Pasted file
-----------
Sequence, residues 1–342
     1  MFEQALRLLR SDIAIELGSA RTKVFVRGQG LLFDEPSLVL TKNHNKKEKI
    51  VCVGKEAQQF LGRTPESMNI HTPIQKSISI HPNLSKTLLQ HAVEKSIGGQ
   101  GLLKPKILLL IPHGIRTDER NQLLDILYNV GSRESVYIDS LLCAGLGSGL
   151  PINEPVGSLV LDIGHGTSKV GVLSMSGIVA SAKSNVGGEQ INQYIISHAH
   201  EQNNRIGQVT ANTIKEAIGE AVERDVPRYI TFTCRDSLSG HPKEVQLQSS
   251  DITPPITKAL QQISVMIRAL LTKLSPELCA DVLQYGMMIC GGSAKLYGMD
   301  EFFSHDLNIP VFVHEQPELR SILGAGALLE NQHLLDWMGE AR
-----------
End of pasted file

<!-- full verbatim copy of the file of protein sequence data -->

Sequence, residues 1–342
     1  MFEQALRLLR SDIAIELGSA RTKVFVRGQG LLFDEPSLVL TKNHNKKEKI
    51  VCVGKEAQQF LGRTPESMNI HTPIQKSISI HPNLSKTLLQ HAVEKSIGGQ
   101  GLLKPKILLL IPHGIRTDER NQLLDILYNV GSRESVYIDS LLCAGLGSGL
   151  PINEPVGSLV LDIGHGTSKV GVLSMSGIVA SAKSNVGGEQ INQYIISHAH
   201  EQNNRIGQVT ANTIKEAIGE AVERDVPRYI TFTCRDSLSG HPKEVQLQSS
   251  DITPPITKAL QQISVMIRAL LTKLSPELCA DVLQYGMMIC GGSAKLYGMD
   301  EFFSHDLNIP VFVHEQPELR SILGAGALLE NQHLLDWMGE AR